Monday, June 13, 2011

"The False Photographer"

ON THE LIMITS of photography:
This weakness in civilisation is best expressed by saying that it cares more for science than for truth. It prides itself on its "methods" more than its results; it is satisfied with precision, discipline, good communications, rather than with the sense of reality. But there are precise falsehoods as well as precise facts. Discipline may only mean a hundred men making the same mistake at the same minute. And good communications may in practice be very like those evil communications which are said to corrupt good manners. Broadly, we have reached a “scientific age,” which wants to know whether the train is in the timetable, but not whether the train is in the station. I take one instance in our police inquiries that I happen to have come across: the case of photography.

Some years ago a poet of considerable genius tragically disappeared, and the authorities or the newspapers circulated a photograph of him, so that he might be identified. The photograph, as I remember it, depicted or suggested a handsome, haughty, and somewhat pallid man with his head thrown back, with long distinguished features, colourless thin hair and slight moustache, and though conveyed merely by the head and shoulders, a definite impression of height. If I had gone by that photograph I should have gone about looking for a long soldierly but listless man, with a profile rather like the Duke of Connaught's.

Only, as it happened, I knew the poet personally; I had seen him a great many times, and he had an appearance that nobody could possibly forget, if seen only once. He had the mark of those dark and passionate Westland Scotch, who before Burns and after have given many such dark eyes and dark emotions to the world. But in him the unmistakable strain, Gaelic or whatever it is, was accentuated almost to oddity; and he looked like some swarthy elf. He was small, with a big head and a crescent of coal-black hair round the back of a vast dome of baldness. Immediately under his eyes his cheekbones had so high a colour that they might have been painted scarlet; three black tufts, two on the upper lip and one under the lower, seemed to touch up the face with the fierce moustaches of Mephistopheles. His eyes had that "dancing madness" in them which Stevenson saw in the Gaelic eyes of Alan Breck; but he sometimes distorted the expression by screwing a monstrous monocle into one of them. A man more unmistakable would have been hard to find. You could have picked him out in any crowd—so long as you had not seen his photograph.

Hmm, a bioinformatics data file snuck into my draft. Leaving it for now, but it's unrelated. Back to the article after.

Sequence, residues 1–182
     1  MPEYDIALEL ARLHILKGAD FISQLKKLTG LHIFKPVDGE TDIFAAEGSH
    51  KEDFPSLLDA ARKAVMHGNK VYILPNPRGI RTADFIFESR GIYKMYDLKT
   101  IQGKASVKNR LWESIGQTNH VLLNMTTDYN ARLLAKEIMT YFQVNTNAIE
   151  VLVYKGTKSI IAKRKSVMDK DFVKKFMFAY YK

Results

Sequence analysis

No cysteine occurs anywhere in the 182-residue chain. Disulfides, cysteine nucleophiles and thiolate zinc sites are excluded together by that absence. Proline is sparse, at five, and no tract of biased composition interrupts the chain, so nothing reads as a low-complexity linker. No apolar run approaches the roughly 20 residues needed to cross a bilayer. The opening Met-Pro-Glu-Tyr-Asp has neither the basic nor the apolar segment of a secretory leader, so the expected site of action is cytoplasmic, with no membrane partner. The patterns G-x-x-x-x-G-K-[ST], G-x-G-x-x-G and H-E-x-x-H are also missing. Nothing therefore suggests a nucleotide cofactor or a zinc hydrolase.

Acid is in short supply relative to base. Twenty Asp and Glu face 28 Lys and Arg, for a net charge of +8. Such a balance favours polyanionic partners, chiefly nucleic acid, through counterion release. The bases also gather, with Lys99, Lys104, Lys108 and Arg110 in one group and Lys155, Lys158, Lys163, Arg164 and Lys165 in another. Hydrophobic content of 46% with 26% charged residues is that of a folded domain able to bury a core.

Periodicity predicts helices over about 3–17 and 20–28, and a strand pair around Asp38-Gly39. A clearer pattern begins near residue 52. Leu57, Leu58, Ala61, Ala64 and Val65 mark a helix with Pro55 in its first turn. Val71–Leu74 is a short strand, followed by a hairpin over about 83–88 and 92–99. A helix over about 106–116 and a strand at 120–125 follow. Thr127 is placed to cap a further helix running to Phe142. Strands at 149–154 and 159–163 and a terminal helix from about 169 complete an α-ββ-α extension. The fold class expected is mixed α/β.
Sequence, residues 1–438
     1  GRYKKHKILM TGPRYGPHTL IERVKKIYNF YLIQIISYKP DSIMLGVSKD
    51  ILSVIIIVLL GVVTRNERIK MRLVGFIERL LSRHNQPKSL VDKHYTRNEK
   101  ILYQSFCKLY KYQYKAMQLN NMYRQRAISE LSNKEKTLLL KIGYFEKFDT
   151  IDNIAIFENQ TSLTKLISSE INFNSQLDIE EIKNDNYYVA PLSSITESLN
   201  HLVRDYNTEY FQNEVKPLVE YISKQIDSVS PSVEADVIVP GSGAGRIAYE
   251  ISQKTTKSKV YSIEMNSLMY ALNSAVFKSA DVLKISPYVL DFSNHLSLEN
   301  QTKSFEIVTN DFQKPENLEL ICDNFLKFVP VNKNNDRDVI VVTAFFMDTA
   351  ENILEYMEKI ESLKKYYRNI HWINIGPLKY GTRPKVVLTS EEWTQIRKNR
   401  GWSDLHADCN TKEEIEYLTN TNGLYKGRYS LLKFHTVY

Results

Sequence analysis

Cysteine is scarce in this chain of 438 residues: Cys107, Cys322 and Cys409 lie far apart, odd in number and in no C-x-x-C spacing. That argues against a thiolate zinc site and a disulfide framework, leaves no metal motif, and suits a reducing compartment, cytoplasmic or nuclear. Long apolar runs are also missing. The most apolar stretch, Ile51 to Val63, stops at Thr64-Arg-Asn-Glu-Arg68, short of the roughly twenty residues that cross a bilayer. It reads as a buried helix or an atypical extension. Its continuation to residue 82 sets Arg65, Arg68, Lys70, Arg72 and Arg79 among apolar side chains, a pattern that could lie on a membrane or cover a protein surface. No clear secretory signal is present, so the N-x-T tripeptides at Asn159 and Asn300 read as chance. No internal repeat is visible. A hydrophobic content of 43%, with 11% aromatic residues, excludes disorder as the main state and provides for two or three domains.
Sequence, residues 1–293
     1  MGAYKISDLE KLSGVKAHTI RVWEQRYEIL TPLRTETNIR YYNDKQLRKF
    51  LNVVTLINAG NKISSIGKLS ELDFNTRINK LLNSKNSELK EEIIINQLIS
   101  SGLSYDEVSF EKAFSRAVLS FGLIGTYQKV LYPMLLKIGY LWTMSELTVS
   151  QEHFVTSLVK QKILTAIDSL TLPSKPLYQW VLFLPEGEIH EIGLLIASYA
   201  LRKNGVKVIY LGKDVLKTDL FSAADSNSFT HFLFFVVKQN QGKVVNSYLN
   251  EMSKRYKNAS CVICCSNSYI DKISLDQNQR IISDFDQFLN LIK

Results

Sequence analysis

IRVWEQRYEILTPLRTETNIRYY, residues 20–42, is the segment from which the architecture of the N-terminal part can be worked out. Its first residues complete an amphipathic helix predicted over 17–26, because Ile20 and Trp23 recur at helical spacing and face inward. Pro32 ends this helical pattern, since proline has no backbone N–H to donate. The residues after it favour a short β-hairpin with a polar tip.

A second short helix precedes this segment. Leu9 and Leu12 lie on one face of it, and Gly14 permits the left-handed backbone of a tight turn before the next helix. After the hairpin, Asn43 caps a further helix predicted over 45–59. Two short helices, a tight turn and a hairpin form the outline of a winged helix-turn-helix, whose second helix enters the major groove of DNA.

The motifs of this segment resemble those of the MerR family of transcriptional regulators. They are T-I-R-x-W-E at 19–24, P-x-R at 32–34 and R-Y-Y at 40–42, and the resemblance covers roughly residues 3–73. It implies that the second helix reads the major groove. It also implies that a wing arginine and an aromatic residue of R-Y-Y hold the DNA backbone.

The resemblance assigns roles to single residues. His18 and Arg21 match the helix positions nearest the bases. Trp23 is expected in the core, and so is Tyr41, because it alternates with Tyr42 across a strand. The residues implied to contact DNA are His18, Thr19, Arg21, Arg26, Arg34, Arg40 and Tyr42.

But in this scientific picture of him twenty causes, accidental and conventional, had combined to obliterate him altogether. The limits of photography forbade the strong and almost melodramatic colouring of cheek and eyebrow. The accident of the lighting took nearly all the darkness out of the hair and made him look almost like a fair man. The framing and limitation of the shoulders made him look like a big man; and the devastating bore of being photographed when you want to write poetry made him look like a lazy man. Holding his head back, as people do when they are being photographed (or shot), but as he certainly never held it normally, accidentally concealed the bald dome that dominated his slight figure. Here we have a clockwork picture, begun and finished by a button and a box of chemicals, from which every projecting feature has been more delicately and dexterously omitted than they could have been by the most namby-pamby flatterer, painting in the weakest water-colours, on the smoothest ivory.

I happen to possess a book of Mr. Max Beerbohm's caricatures, one of which depicts the unfortunate poet in question. To say it represents an utterly incredible hobgoblin is to express in faint and inadequate language the license of its sprawling lines. The authorities thought it strictly safe and scientific to circulate the poet's photograph. They would have clapped me in an asylum if I had asked them to circulate Max's caricature. But the caricature would have been far more likely to find the man.
— G.K. Chesterton, “The False Photographer”, from A Miscellany of Men.

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